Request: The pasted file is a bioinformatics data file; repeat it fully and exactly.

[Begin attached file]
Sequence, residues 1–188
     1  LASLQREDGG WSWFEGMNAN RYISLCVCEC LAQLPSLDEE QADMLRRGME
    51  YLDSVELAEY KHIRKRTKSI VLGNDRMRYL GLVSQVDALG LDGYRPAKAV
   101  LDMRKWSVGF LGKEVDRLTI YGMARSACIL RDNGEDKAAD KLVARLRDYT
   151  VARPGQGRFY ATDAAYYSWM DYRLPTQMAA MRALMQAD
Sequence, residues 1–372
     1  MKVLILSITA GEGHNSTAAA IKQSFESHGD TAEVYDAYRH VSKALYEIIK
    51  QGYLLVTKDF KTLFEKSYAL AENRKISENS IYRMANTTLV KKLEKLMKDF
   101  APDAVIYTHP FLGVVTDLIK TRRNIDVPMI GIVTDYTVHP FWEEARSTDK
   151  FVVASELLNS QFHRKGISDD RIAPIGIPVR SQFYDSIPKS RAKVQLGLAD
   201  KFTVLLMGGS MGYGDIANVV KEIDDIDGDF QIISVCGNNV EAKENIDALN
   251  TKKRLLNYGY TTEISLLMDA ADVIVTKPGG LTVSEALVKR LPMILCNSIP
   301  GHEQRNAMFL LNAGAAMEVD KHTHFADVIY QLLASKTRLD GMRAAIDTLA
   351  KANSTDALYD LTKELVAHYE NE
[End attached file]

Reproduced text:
Sequence, residues 1–188
     1  LASLQREDGG WSWFEGMNAN RYISLCVCEC LAQLPSLDEE QADMLRRGME
    51  YLDSVELAEY KHIRKRTKSI VLGNDRMRYL GLVSQVDALG LDGYRPAKAV
   101  LDMRKWSVGF LGKEVDRLTI YGMARSACIL RDNGEDKAAD KLVARLRDYT
   151  VARPGQGRFY ATDAAYYSWM DYRLPTQMAA MRALMQAD
Sequence, residues 1–372
     1  MKVLILSITA GEGHNSTAAA IKQSFESHGD TAEVYDAYRH VSKALYEIIK
    51  QGYLLVTKDF KTLFEKSYAL AENRKISENS IYRMANTTLV KKLEKLMKDF
   101  APDAVIYTHP FLGVVTDLIK TRRNIDVPMI GIVTDYTVHP FWEEARSTDK
   151  FVVASELLNS QFHRKGISDD RIAPIGIPVR SQFYDSIPKS RAKVQLGLAD
   201  KFTVLLMGGS MGYGDIANVV KEIDDIDGDF QIISVCGNNV EAKENIDALN
   251  TKKRLLNYGY TTEISLLMDA ADVIVTKPGG LTVSEALVKR LPMILCNSIP
   301  GHEQRNAMFL LNAGAAMEVD KHTHFADVIY QLLASKTRLD GMRAAIDTLA
   351  KANSTDALYD LTKELVAHYE NE